At the 2001 Linux Kernel Summit, the NSA presented their work on Security-Enhanced Linux (SELinux) , an implementation of a flexible access control architecture in the Linux kernel. Linus Torvalds appeared to accept that a general access control framework for the Linux kernel is needed. However, given the many Linux kernel security projects, and Linus' lack of expertise in sophisticated security policy, he preferred an approach that allowed security models to be implemented as loadable kernel modules. In fact, Linus' response provided the seeds of the LSM design. The LSM framework must be:
To achieve these goals while remaining agnostic with respect to styles of access control mediation, LSM takes the approach of mediating access to the kernel's internal objects: tasks, inodes, open files, etc., as shown in Figure 1. User processes execute system calls, which first traverse the Linux kernel's existing logic for finding and allocating resources, performing error checking, and passing the classical UNIX discretionary access controls. Just before the kernel attempts to access the internal object, an LSM hook makes an out-call to the module posing the question, ``Is this access ok with you?'' The module processes this policy question and returns either ``yes'' or ``no.''
One might ask why LSM chose this approach rather than system call interposition (mediating system calls as they enter the kernel) or device mediation (mediating at access to physical devices).4 The reason is that information critical to sound security policy decisions is not available at those points. At the system call interface, userspace data, such as a path name, has yet to be translated to the kernel object it represents, such as an inode. Thus, system call interposition is both inefficient and prone to time-of-check-to-time-of-use (TOCTTOU) races [28,6]. At the device interface, some other critical information (such as the path name of the file to be accessed) has been thrown away. In between is where the full context of an access request can be seen, and where a fully informed access control decision can be made.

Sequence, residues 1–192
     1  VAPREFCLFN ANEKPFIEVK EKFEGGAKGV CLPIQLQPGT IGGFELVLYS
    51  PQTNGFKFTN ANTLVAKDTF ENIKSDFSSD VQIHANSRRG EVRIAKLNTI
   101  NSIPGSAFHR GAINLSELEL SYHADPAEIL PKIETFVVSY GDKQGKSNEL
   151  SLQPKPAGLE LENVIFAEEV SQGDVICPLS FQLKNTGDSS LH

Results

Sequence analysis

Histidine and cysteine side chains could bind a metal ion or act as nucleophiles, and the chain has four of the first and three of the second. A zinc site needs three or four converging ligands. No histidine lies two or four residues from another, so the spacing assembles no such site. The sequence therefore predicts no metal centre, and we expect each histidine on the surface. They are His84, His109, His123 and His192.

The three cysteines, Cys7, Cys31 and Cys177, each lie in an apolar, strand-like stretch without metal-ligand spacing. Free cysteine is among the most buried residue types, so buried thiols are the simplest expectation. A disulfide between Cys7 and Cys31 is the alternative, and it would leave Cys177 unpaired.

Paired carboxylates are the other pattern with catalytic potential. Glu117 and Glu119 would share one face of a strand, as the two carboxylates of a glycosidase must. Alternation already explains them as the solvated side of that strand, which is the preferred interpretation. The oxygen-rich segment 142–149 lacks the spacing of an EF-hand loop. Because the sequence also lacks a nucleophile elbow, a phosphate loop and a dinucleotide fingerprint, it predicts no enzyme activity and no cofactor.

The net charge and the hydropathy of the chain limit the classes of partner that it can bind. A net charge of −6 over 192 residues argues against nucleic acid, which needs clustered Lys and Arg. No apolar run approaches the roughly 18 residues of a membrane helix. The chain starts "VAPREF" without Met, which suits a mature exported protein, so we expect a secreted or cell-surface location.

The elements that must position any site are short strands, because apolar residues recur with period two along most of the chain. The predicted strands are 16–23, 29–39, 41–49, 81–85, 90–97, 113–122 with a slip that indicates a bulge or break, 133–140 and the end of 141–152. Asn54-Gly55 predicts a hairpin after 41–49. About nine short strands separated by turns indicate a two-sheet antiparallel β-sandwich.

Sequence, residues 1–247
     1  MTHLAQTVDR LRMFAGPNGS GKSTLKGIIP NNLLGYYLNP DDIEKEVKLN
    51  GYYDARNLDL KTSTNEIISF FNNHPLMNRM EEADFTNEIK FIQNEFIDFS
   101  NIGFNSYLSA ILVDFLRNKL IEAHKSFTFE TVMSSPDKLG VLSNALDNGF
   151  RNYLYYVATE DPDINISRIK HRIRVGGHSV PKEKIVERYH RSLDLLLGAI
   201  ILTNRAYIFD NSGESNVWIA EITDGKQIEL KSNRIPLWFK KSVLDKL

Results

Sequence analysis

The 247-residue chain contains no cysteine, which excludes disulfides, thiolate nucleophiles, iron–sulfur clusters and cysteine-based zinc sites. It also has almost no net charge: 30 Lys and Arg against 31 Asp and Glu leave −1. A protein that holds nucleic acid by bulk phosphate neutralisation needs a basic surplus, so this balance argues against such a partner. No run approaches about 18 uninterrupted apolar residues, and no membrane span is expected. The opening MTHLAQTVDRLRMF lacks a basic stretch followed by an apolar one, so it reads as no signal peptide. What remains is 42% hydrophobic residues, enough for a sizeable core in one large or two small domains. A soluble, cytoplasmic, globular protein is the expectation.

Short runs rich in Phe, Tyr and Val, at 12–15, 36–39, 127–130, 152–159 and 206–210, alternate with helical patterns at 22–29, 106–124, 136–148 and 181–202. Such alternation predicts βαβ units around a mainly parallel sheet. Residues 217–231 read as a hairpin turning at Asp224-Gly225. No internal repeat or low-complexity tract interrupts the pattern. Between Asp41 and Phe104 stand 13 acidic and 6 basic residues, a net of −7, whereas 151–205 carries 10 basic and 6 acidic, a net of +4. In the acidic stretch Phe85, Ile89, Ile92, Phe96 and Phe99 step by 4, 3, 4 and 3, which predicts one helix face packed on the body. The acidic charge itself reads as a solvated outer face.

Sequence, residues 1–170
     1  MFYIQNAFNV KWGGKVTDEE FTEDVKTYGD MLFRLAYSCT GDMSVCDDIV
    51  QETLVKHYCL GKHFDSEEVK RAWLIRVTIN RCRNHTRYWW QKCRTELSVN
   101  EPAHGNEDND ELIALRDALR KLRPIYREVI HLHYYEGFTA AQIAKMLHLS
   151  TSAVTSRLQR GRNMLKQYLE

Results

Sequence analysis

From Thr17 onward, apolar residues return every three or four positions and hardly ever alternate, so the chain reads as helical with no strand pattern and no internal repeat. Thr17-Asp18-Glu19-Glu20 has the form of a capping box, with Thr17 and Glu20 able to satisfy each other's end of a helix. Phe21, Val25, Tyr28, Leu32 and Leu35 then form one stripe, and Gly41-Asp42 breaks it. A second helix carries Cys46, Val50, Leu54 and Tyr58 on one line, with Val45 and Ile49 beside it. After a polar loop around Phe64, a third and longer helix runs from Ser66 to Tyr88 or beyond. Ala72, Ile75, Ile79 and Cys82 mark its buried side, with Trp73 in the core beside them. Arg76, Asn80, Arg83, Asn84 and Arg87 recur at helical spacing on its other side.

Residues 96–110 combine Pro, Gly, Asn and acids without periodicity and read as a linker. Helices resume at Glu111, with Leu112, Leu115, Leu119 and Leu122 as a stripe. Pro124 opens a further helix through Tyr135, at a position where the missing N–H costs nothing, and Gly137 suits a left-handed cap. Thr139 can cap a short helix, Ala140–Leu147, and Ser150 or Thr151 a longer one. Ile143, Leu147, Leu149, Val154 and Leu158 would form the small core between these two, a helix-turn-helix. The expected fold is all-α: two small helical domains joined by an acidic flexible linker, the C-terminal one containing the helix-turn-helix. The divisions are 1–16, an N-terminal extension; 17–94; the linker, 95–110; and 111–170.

A subtle implication of the LSM architecture is that access control decisions are restrictive5: the module can really only say ``no'' . Functional errors and classical security checks can result in an access request being denied before it is ever presented to the LSM module. This is the opposite of the way mandatory access control systems are normally implemented. This design choice limits the flexibility of the LSM framework, but substantially simplifies the impact of the LSM on the Linux kernel. To do otherwise would have required implementing many instances of the same hook throughout the kernel, to ensure that the module is consulted at every place where a system call could ``error out.''
Composition of LSM modules is another problematic issue. On the one hand, security policies do not compose in the general case because some policies may explicitly conflict . On the other hand, it is clearly desirable to compose some combinations of security policies. Here, LSM effectively punts to the module writer: to be able to ``stack'' modules, the first module loaded must also export an LSM interface to subsequent LSM modules to be loaded. The first module is then responsible for composing the access control decisions that it gets back from secondary modules.